around the stator.
Prime movers
Low speed
Most diesel engines used as prime movers for alternators operate within the speed range of 50 r /min and this
necessitates the use of rotors witl pairs of poles.
Hydroelectric turbines have water-driven in which operate at low speeds, consequently they all rotors with.
many poles. While the diesel-driven alt usually has its shaft in the horizontal plat hydroelectric unit has its shaft in
the vertical plar method of construction means that special thrust t have to be fitted to take the end thrust of the 1
High speed
Turbine prime movers, whether steam or gas, efficiently at speeds in the vicinity of 3000 r / n alternator driven by a
turbine and producing a fn of 50 Hz at 3000 r /min must consist of only two In Chapter 6 the relationship between
frequency and the number of poles was shown tc

Synchronous motors
Principle of operation In order to understand the principle of operation of a synchronous motor, let us examine
what happens if we connect the armature winding (laid out in the stator) of a 3-phase synchronous machine to a
suitable balanced 3-phase source and the field winding to a D.C source of appropriate voltage. The current flowing
through the field coils will set up stationary magnetic poles of alternate North and South. ( for convenience let us
assume a salient pole rotor, as shown in Fig. 50). On the other hand, the 3-phase currents flowing in the armature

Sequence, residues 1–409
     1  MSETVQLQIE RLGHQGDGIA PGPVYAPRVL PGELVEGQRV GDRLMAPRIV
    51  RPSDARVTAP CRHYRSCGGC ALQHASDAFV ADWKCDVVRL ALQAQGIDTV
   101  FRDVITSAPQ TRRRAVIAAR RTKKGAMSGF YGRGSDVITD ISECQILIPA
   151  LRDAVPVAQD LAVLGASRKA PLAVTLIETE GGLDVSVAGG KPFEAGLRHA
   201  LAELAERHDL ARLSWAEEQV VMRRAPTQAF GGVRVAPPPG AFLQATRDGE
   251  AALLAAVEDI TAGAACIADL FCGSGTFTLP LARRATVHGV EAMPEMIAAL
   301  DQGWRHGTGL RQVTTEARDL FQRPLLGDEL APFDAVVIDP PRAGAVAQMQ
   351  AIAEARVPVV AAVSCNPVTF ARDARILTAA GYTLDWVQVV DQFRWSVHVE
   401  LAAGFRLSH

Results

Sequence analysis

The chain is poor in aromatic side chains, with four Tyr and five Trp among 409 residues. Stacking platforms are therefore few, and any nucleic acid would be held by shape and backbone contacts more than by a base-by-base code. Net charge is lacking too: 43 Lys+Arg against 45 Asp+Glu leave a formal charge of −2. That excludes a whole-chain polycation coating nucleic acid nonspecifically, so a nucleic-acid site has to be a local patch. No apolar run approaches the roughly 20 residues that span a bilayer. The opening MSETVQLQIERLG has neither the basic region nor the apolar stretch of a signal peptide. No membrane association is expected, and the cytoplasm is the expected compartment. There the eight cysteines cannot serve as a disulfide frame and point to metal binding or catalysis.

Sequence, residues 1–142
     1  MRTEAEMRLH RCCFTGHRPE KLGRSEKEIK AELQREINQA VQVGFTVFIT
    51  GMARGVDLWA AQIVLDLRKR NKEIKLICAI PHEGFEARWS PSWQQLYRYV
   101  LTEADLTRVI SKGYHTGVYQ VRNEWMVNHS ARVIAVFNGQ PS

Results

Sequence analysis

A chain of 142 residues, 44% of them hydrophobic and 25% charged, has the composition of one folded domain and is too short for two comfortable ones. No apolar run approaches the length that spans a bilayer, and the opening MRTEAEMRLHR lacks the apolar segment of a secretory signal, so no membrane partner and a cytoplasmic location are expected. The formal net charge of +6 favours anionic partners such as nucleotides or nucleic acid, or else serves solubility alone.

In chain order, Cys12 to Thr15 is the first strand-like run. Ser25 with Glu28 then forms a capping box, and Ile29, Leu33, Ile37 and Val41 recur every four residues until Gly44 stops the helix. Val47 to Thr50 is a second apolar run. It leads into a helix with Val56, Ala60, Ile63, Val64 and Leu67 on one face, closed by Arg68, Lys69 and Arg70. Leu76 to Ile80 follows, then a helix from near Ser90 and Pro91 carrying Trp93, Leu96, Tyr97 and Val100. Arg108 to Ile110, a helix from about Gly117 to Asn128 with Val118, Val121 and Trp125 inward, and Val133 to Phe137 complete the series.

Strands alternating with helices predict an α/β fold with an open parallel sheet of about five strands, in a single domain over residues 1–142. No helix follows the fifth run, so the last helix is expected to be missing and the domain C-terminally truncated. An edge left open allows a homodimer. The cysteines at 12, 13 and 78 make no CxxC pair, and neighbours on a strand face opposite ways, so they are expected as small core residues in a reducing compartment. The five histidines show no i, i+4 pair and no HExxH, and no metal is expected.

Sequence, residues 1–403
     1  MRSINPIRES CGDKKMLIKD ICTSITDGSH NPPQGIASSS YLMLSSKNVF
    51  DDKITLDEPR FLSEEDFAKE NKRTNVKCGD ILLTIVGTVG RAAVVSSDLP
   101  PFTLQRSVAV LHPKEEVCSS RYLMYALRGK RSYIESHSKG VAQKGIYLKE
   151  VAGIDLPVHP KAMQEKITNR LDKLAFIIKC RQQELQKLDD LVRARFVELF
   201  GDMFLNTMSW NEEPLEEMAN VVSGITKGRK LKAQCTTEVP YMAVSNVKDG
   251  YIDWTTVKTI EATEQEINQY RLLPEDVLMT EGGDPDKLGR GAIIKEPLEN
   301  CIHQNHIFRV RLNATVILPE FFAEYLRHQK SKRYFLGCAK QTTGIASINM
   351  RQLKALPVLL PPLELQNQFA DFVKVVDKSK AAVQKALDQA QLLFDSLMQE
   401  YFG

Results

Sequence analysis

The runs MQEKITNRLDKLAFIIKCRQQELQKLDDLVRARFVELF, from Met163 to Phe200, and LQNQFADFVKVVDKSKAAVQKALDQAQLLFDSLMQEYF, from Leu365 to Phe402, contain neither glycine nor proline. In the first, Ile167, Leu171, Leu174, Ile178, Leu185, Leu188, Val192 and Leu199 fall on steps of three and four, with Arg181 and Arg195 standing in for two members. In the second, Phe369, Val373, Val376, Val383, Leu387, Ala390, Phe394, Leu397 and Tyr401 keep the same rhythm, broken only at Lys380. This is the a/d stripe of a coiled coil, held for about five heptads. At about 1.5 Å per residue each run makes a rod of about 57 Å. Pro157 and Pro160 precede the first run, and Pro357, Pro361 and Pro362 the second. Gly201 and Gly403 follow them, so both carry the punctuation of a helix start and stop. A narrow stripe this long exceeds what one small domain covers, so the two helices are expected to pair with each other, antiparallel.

winding produce a rotating magnetic field rotating at synchronous speed. In other words there will be moving
North and South poles established in the stator due to the 3-phase currents i.e at any location in the stator there will
be a North pole at some instant of time and it will become a South pole after a time period corresponding to half a
cycle. (after a time = 1 2f , where f = frequency of the supply). Let us assume that the stationary South pole in the
rotor is aligned with the North pole in the stator moving in clockwise direction at a particular instant of time, as
shown in Fig. 50. These two poles get attracted and

try to maintain this alignment ( as per lenz’s law) and hence the rotor pole tries to follow the stator pole as the
conditions are suitable for the production of torque in the clockwise direction. However the rotor cannot move
instantaneously due to its mechanical inertia, and so it needs sometime to move. In the mean time, the stator pole
would quickly (a time duration corresponding to half a cycle) change its polarity and becomes a South pole. So the
force of attraction will no longer be present and instead the like poles experience a forceof repulsion as shown in
Fig. 51. In other words, the conditions are now suitable for the
Force of repulsion between stator poles and rotor poles - resulting in production of torque in anticlockwise
direction production of torque in the anticlockwise direction. Even this condition will not last longer as the stator
pole would again change to North pole after a time of 1 2f . Thus the rotor will experience an alternating force
which tries to move it clockwise and anticlockwise at twice the frequency of the supply, i.e. at intervals
corresponding to 1 2f seconds. As this duration is quite small compared to the mechanical time constant of the
rotor, the rotor cannot respond and move in any direction. The rotor continues to be stationary only. On the